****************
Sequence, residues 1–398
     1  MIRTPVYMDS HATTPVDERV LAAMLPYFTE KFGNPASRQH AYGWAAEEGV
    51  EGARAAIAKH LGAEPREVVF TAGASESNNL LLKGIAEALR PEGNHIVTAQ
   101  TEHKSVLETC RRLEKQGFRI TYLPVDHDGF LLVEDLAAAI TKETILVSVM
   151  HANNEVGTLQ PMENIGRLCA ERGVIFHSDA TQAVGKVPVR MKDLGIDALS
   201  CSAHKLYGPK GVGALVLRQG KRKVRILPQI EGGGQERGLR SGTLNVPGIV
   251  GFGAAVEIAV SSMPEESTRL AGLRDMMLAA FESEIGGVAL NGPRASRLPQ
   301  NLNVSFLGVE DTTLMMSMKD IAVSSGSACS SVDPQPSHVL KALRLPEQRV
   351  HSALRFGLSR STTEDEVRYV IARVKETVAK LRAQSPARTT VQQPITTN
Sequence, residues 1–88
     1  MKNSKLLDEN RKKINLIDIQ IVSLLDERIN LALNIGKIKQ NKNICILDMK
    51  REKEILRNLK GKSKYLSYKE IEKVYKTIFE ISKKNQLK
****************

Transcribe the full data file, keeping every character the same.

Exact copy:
Sequence, residues 1–398
     1  MIRTPVYMDS HATTPVDERV LAAMLPYFTE KFGNPASRQH AYGWAAEEGV
    51  EGARAAIAKH LGAEPREVVF TAGASESNNL LLKGIAEALR PEGNHIVTAQ
   101  TEHKSVLETC RRLEKQGFRI TYLPVDHDGF LLVEDLAAAI TKETILVSVM
   151  HANNEVGTLQ PMENIGRLCA ERGVIFHSDA TQAVGKVPVR MKDLGIDALS
   201  CSAHKLYGPK GVGALVLRQG KRKVRILPQI EGGGQERGLR SGTLNVPGIV
   251  GFGAAVEIAV SSMPEESTRL AGLRDMMLAA FESEIGGVAL NGPRASRLPQ
   301  NLNVSFLGVE DTTLMMSMKD IAVSSGSACS SVDPQPSHVL KALRLPEQRV
   351  HSALRFGLSR STTEDEVRYV IARVKETVAK LRAQSPARTT VQQPITTN
Sequence, residues 1–88
     1  MKNSKLLDEN RKKINLIDIQ IVSLLDERIN LALNIGKIKQ NKNICILDMK
    51  REKEILRNLK GKSKYLSYKE IEKVYKTIFE ISKKNQLK